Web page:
Defendant Does Not Take the Fall for Spoliation in Slip and Fall Case: eDiscovery Case Law

By : Doug Austin

In Harrell v. Pathmark et al., Pennsylvania District Judge Gene E. K. Pratter, after a hearing to consider whether to draw an adverse inverse instruction due to the defendant’s possible spoliation of video evidence, determined that “a spoliation inference would not be appropriate here”. Finding that the plaintiff had presented no evidence that the defendant had constructive notice of a dangerous condition resulting in her slip and fall, Judge Pratter also granted the defendant’s motion for summary judgment.

Image is Not Only Everything, It Is Also Legally a Copy, Appeals Court Rules: eDiscovery Case Law

By : Doug Austin

In Colosi v. Jones Lang LaSalle Americas, Inc., the Sixth Circuit Court of Appeals affirmed the District Court’s judgment to approve a $6,369.55 bill of costs which included synchronization of deposition videos and imaging of hard drives that the defendant submitted after prevailing in the case.

Court Rules that Australian Company’s Duty to Preserve Only Begins when US Court Has Jurisdiction: eDiscovery Case Law

By : Doug Austin

In Lunkenheimer Co. v. Tyco Flow Control Pacific Party Ltd., Ohio District Judge Timothy S. Black ruled that the duty to preserve for the defendant (an Australian company with offices and facilities only in Australia) did not begin until the complaint was filed in US courts in December 2011, denying the assertion of the intervenor/counter defendant that the duty to preserve arose in 2002.

Court Agrees with Plaintiffs, Orders Provision for Qualitative Sampling of Disputed Search Terms: eDiscovery Case Law

By : Doug Austin

In the case In Re: Lithium Ion Batteries Antitrust Litigation, California Magistrate Judge Donna M. Ryu ordered the defendants to comply with the plaintiffs’ proposed qualitative sampling process for keyword search terms, citing DaSilva Moore that keywords “often are overinclusive”.

Plaintiff’s Motion to Quash Subpoena of Text Messages Granted by Court: eDiscovery Case Law

By : Doug Austin

In Burdette v. Panola County, Mississippi Magistrate Judge S. Allan Alexander granted the plaintiff’s Motion to Quash Subpoena where the defendant subpoenaed the plaintiff’s text messages and call log records from his mobile provider.

Court Upholds Review of Taxable Costs by Clerk, Awards over $57,000: eDiscovery Case Law

By : Doug Austin

In Comprehensive Addiction Treatment Center, Inc. v. Leslea, Colorado District Judge Christine M. Arguello denied the plaintiffs’ motion to review Clerk's Taxing of Costs Under F.R.C.P. 54(D)(1), upholding the award by the Clerk of the Court of $57,873.61 in taxable costs.

Judge Peck Wades Back into the TAR Pits with ‘Da Silva Moore Revisited': eDiscovery Case Law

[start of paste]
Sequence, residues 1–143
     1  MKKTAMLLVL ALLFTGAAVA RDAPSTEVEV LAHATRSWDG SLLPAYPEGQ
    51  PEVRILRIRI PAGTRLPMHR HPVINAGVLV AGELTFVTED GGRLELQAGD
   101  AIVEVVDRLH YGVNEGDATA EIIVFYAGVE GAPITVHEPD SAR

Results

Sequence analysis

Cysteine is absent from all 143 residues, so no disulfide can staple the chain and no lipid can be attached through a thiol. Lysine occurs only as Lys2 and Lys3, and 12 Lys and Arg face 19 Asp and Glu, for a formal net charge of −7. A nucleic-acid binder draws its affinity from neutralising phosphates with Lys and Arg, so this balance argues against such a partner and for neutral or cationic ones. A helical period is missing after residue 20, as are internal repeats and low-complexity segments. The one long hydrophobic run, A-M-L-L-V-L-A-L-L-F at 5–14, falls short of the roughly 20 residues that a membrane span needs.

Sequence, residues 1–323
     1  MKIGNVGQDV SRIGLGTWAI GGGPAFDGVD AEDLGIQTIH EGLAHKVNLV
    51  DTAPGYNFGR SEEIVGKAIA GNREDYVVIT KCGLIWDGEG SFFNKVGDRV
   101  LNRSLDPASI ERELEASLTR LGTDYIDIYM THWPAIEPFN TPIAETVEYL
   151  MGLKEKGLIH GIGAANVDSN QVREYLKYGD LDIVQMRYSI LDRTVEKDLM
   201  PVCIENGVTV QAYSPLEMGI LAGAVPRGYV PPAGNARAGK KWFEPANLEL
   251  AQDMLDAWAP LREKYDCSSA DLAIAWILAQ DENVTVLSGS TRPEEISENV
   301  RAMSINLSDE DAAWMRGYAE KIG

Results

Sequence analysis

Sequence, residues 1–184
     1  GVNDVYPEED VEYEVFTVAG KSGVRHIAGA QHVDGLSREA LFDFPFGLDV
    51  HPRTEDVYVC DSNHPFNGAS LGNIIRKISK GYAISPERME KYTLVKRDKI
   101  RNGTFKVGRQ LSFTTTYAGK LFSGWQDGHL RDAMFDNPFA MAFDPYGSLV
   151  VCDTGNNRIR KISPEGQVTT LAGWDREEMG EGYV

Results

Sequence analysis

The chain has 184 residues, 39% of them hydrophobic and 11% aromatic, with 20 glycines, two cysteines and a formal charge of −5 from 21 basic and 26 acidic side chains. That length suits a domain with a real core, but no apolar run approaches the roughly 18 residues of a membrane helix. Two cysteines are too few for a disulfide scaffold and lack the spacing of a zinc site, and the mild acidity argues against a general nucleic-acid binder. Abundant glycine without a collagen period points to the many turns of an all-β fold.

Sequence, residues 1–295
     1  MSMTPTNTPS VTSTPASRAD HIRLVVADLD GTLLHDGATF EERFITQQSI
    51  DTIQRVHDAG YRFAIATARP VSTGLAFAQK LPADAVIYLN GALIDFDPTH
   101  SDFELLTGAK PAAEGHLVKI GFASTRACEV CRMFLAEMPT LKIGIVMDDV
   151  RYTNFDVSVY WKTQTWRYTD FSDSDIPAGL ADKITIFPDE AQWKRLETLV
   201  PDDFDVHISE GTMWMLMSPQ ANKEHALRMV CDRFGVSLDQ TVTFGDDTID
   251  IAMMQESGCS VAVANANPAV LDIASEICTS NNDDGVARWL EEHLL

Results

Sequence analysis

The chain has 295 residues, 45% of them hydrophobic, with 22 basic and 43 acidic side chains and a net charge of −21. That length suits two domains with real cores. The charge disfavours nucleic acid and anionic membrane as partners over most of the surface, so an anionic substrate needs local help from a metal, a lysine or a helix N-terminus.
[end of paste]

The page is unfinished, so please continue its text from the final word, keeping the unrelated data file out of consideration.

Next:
By : Doug Austin

In Rio Tinto Plc v. Vale S.A., New York Magistrate Judge Andrew J. Peck approved the proposed protocol for technology assisted review (TAR) presented by the parties, but made it clear to note that “the Court's approval ‘does not mean. . . that the exact ESI protocol approved here will be appropriate in all [or any] future cases that utilize [TAR].’”

Court Rules on Dispute about Search Terms and Organization of Produced Documents: eDiscovery Case Law

By : Doug Austin

In Lutzeier v. Citigroup Inc., Missouri District Judge Ronnie I. White ruled on two motions to compel discovery by the plaintiff, addressing (among other things) disagreement on search terms to be used by the defendant and lack of organization and labeling of the defendant’s production to date.

You Don’t Get a Second Chance to Make a First Document Production Request: eDiscovery Case Law

By : Doug Austin

In Allison v. Clos-ette Too, LLC, New York Magistrate Judge James C. Francis, among other motions considered, denied the plaintiff’s motion to compel the defendants’ production of electronically stored information (ESI) in native format after the plaintiff had previously requested (and received) ESI from the defendants without specifying the desired document format.

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About the Bloggers

Brad Jenkins

Brad Jenkins, President and CEO of CloudNine Discovery, has over 20 years of experience leading customer focused companies in the litigation support arena. Brad has authored many articles on litigation support issues, and has spoken before national audiences on document management practices and solutions.

Doug Austin

Doug Austin, Professional Services Manager for CloudNine Discovery, has over 20 years experience providing legal technology consulting and technical project management services to numerous commercial and government clients. Doug has also authored several articles on eDiscovery best practices.

Jane Gennarelli

Jane Gennarelli is a principal of Magellan’s Law Corporation and has been assisting litigators in effectively handling discovery materials for over 30 years. She authored the company’s Best Practices in a Box™ content product and assists firms in applying technology to document handling tasks. She is a known expert and often does webinars and presentations for litigation support professionals around the country. Jane can be reached by email at jane@litigationbestpractices.com.